Later, asked by NH1 News if she thinks her rivals aren’t speaking out enough about their policy positions, Forrester said “yes, I do.”
After the news conference, Edelblut chief strategist Brent Littlefield returned fire at Forrester.
“Longtime politician Jeanie Forrester's plan is long on pretty pictures and short on solutions. It also lacks someone with experience to implement it. Frank Edelblut knows that selling New Hampshire is not about slogans it is about the ability to talk with job creators on their level about real issues impacting the economy,” he said in a statement.
Forrester also criticized Hassan, saying “I’m running for this office not because I want to get the job, I want to do the job. And I think New Hampshire needs to elect somebody who’s focused on the job, focused laser sharp on New Hampshire and its economy, not looking at the next higher office that they can run for.”
Asked for specifics on where she thinks Hassan’s been AWOL, Forrester said “whether it’s the heroin epidemic or mental health, we’re having issues getting money out to these programs, and so we’ve appropriated all this money things are not getting done. I think that’s because there’s a lack of leadership in the Corner Office and a lack of focus.”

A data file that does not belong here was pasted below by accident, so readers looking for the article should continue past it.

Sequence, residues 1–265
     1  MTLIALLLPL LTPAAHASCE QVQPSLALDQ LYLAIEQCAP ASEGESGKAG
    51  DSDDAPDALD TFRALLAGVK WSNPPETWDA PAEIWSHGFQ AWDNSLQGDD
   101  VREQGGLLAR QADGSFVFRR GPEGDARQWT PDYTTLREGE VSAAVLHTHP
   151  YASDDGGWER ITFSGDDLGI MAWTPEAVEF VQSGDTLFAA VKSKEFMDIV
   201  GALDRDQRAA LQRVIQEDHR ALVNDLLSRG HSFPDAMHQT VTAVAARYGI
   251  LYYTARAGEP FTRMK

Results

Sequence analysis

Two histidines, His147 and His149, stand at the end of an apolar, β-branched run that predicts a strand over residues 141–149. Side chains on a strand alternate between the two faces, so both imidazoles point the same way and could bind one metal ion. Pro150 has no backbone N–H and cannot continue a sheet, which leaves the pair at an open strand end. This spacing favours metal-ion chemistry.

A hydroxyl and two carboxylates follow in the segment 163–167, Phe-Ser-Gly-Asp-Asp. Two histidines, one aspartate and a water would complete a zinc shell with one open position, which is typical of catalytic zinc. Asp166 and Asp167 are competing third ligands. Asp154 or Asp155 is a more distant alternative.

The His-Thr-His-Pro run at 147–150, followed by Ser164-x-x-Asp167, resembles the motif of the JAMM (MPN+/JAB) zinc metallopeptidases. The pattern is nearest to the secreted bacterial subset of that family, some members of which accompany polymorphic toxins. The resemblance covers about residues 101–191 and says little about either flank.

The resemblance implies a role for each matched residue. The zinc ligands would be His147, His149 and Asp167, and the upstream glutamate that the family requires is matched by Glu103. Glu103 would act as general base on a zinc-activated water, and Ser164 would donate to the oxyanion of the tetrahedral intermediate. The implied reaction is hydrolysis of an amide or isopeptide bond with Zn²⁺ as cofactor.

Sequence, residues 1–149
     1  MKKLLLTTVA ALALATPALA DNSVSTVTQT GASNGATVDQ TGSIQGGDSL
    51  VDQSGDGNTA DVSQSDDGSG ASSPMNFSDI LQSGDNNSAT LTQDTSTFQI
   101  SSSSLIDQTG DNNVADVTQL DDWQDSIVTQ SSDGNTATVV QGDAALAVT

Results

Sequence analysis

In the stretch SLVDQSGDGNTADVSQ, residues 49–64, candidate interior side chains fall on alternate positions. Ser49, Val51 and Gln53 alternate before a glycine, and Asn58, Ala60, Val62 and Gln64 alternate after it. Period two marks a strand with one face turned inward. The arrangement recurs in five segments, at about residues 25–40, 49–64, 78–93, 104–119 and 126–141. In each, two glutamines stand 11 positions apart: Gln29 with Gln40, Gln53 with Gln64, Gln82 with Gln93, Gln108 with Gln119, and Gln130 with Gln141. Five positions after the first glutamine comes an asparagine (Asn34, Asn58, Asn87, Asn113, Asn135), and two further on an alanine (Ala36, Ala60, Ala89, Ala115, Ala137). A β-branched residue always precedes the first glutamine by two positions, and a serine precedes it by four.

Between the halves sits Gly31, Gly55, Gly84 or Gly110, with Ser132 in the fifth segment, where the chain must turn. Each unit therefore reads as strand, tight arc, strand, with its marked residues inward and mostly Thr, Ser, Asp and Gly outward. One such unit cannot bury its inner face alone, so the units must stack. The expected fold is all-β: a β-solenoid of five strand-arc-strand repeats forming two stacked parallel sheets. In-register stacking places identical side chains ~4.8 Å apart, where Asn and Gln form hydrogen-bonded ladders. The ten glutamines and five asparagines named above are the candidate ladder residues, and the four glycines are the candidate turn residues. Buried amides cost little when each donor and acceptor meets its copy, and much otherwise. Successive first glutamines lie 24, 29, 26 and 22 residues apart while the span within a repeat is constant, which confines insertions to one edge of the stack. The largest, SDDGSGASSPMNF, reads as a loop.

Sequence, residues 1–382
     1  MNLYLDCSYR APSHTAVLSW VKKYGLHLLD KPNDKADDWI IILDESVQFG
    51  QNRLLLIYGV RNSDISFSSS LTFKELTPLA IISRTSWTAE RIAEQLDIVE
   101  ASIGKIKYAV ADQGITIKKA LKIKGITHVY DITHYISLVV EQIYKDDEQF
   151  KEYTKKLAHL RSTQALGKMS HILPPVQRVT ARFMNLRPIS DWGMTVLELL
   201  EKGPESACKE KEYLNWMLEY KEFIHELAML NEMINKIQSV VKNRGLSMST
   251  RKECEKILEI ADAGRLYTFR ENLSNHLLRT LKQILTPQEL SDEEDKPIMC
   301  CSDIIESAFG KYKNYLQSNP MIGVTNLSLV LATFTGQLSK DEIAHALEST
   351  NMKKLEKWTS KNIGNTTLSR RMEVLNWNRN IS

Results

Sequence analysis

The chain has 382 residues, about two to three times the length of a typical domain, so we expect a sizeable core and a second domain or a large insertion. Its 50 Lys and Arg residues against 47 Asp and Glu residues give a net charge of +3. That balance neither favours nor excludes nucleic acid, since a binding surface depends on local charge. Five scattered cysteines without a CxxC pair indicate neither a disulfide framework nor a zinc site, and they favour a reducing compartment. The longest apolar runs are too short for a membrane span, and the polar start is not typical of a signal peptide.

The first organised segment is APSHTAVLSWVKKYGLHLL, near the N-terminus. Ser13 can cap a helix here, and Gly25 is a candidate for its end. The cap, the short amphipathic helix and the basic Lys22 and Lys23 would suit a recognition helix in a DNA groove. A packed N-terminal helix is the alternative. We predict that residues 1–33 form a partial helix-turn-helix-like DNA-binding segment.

But Democratic state Sen. Andrew Hosmer disagreed.
“I wish that the Legislature had heeded the call of Gov. Hassan last fall to pass a comprehensive package to combat the heroin and opioid crisis and spent some of this year’s projected $80 million surplus to stem and reverse the tide of this terrible epidemic,” he wrote in a recent op-ed.